Leukemia Cutis



Leukemia Cutis


Jeremy C. Wallentine, MD










Clinical image shows 2 small papules in a patient with acute myeloid leukemia. Histologic examination confirmed leukemic infiltrates consistent with myeloid sarcoma. (Courtesy V. Tonkovic-Capin, MD.)






A punch biopsy shows leukemic infiltrates in the superficial and deep dermis, extending into the subcutaneous adipose tissue. Sparing of the epidermis with a thin Grenz zone image is noted.


TERMINOLOGY


Abbreviations



  • Leukemia cutis (LC)


Synonyms



  • Myeloid sarcoma (MS), granulocytic sarcoma, extramedullary myeloid cell tumor, chloroma



    • When composed of myeloid cells


  • Monoblastic sarcoma



    • When composed of monocytic precursors


  • Primary extramedullary leukemia


Definitions



  • Clinically identifiable cutaneous lesions secondary to cutaneous infiltration by neoplastic leukocytes (myeloid or lymphoid)


  • Leukemia cutis commonly used to describe lymphocytic leukemias involving skin



    • Designated by precursor B- or T-cell lineage and chronic lymphocytic leukemia


    • “Myeloid sarcoma” is preferred term when leukemic cells are of myeloid or monocytic lineage


ETIOLOGY/PATHOGENESIS


Mechanisms of Skin Homing



  • Underlying process has not been defined



    • May involve coexpression of cutaneous lymphocyte antigen (CLA) and its interaction with specific chemokines


    • Other factors may include CCR4, TARC, and CCL22


  • Predilection for sites with cutaneous inflammation (e.g., Sweet syndrome, psoriasis)


CLINICAL ISSUES


Epidemiology



  • Incidence



    • Acute monocytic, myelomonocytic, and T-cell leukemias show highest incidence of leukemia cutis


    • LC can be observed in all forms of acute myeloid leukemia (AML)


    • Occurs in 10-15% of patients with AML



      • Varies widely with AML subtype


      • Up to 50% of patients with acute myelomonocytic and monocytic types


    • Less frequent in patients with myeloproliferative and myelodysplastic neoplasms



      • Rare reports of CML with LC presentation


      • Usually related to disease progression &/or transformation


    • Is seen in up to 25% of chronic lymphocytic leukemia/small lymphocytic lymphoma (CLL/SLL) cases


    • Occurs in 20-70% of mature T-cell leukemias



      • 40-70% of adult T-cell leukemia/lymphoma (ATLL)


      • 25-30% of T-cell prolymphocytic leukemia (T-PLL)


    • Unusual in patients with precursor B- or T-cell lymphoblastic leukemia/lymphomas (LBL) and plasma cell leukemia


    • Occurs in 25-30% of infants with congenital leukemia


  • Age



    • Frequency higher among children than adults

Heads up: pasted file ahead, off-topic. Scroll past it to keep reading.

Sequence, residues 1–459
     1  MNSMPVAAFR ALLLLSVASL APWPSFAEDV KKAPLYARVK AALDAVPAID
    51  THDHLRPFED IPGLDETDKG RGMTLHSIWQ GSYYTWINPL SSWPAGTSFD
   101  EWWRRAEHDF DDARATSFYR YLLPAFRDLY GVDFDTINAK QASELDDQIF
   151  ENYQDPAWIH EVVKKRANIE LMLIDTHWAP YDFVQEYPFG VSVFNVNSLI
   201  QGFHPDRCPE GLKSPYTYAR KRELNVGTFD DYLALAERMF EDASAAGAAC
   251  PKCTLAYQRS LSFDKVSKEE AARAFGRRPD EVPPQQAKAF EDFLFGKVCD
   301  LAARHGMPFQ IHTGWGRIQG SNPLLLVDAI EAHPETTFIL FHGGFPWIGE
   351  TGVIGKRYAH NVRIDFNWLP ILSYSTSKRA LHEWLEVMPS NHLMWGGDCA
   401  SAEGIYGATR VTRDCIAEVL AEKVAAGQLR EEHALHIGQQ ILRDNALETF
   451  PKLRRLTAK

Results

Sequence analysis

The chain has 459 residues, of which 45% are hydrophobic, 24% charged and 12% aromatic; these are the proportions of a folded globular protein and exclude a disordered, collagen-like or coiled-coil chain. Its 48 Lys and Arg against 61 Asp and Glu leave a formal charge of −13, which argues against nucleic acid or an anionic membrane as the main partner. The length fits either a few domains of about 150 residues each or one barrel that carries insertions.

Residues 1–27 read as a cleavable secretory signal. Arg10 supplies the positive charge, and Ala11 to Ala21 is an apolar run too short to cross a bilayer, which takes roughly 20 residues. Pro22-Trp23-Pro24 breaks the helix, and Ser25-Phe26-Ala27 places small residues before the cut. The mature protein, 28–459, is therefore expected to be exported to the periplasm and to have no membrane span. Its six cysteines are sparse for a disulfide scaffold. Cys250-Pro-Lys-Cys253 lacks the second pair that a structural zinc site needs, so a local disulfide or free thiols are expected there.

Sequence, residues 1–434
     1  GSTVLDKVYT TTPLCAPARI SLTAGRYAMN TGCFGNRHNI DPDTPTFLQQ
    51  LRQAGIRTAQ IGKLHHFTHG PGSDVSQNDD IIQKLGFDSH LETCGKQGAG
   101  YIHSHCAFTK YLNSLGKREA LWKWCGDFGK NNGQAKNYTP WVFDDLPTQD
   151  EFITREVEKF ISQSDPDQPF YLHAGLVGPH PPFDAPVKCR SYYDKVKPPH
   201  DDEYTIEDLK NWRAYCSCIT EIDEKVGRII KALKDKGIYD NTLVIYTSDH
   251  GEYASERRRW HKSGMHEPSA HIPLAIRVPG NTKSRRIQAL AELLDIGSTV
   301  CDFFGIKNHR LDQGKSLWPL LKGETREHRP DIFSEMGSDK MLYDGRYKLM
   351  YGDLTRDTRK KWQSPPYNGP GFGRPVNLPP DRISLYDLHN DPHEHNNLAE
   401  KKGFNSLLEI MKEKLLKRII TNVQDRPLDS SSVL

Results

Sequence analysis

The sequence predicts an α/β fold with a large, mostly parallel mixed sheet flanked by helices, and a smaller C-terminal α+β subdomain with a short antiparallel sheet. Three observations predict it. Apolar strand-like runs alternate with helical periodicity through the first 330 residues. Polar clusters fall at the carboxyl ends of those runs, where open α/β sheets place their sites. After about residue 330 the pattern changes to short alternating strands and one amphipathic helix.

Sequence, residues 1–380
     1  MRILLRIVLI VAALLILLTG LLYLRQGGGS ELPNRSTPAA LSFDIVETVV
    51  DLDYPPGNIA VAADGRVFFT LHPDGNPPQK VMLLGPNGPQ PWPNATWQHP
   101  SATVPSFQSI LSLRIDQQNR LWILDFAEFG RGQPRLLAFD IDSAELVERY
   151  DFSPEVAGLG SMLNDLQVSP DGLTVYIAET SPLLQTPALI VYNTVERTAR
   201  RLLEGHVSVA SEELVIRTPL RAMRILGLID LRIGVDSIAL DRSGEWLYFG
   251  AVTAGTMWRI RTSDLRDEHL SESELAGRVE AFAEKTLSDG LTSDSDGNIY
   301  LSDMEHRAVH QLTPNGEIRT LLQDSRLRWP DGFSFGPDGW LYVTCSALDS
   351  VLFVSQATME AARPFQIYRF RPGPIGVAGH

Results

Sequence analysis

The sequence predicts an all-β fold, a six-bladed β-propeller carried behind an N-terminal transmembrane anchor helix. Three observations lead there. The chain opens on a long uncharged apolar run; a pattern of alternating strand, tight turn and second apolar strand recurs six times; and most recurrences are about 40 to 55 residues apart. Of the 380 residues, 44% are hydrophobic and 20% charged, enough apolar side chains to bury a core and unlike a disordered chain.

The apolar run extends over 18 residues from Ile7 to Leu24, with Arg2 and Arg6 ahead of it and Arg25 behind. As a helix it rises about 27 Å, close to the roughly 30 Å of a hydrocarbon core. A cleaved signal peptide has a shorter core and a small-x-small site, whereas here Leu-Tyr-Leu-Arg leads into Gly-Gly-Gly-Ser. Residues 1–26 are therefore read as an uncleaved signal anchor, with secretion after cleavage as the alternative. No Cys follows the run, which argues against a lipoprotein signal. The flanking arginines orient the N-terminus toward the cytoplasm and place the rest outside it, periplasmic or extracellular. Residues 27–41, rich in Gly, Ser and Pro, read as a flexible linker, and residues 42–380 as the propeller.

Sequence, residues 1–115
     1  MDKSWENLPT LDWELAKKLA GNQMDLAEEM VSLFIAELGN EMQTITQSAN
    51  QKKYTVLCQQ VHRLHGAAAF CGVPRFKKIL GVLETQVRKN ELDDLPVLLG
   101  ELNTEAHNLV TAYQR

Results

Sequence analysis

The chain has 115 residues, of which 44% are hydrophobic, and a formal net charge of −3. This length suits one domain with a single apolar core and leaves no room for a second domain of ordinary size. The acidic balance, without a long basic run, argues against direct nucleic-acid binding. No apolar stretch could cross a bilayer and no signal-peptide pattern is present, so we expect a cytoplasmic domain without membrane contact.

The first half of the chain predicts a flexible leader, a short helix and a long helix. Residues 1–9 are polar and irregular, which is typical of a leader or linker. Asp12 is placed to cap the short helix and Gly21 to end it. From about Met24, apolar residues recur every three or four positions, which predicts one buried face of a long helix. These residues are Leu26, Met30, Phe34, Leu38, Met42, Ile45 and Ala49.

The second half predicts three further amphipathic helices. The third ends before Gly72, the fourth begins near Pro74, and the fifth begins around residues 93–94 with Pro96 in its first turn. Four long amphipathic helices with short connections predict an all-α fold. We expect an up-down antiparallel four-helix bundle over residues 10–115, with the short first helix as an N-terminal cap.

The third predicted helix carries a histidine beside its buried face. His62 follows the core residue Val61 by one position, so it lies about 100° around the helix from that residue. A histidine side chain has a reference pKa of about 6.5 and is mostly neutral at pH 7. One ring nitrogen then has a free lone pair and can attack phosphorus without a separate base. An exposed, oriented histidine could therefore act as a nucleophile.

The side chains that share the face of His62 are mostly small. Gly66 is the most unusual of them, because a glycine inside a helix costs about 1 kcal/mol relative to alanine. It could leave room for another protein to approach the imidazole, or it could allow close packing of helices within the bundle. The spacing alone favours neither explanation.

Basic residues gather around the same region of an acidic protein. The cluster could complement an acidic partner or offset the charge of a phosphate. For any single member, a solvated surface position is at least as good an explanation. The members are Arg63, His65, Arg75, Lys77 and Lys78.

Site



  • Most commonly involves extremities (legs > arms)


  • Back, chest, scalp, and face may also be involved


  • Preferential involvement at sites of previous or concomitant inflammation



    • Sweet syndrome


    • Herpes zoster


    • Insect bites


    • Psoriasis


Presentation



  • Presentation may precede (aleukemic LC), coincide with, or manifest as recurrence of acute leukemia




    • Most cases present after diagnosis of systemic leukemia


    • < 10% present prior to blood or bone marrow involvement (aleukemic LC or primary extramedullary leukemia)


  • Single or multiple skin lesions



    • Violaceous, red-brown, or hemorrhagic papules, nodules, and plaques of varying sizes


    • Erythematous papules and nodules most commonly reported


    • Eczematous lesions


    • Ulcers


    • “Blueberry muffin” appearance



      • Firm blue, red, or purple nodules in generalized distribution


      • Term historically used to describe cutaneous involvement in children with congenital leukemia


  • Oral petechiae


  • Thickening of the gums



    • Oral lesions more common in adults



      • Rare in congenital leukemias


  • Other sites of extramedullary involvement are frequent (e.g., meninges)


Laboratory Tests



  • Lactate dehydrogenase and β2-microglobulin



    • Higher levels reported in patients with leukemia cutis


  • Serology for HTLV-1 in cases of ATLL


Treatment



  • Options, risks, complications



    • Managed by treating underlying leukemia



      • Systemic chemotherapy


      • Bone marrow transplantation


    • Local therapy (e.g., radiation)


    • Aleukemic LC should not be managed differently from patients with known leukemia


Prognosis



  • Poor prognosis



    • Generally a manifestation of disease progression


  • Leukemia cutis in context of congenital myelogenous leukemia is an exception



    • Not associated with worse prognosis


    • Spontaneous regression of LC without treatment has been observed


  • Prognosis in CLL patients is good



    • Exception of blastic transformation (Richter syndrome) is associated with poor prognosis


MICROSCOPIC PATHOLOGY


General Histologic Features



  • Low-power patterns of involvement



    • Perivascular &/or periadnexal


    • Dense and diffuse


    • Nodular


    • Subtle superficial interstitial infiltrate (rare)


  • Stromal fibrosis


  • Lineage assignment unreliable with histology alone

Jul 8, 2016 | Posted by in PATHOLOGY & LABORATORY MEDICINE | Comments Off on Leukemia Cutis

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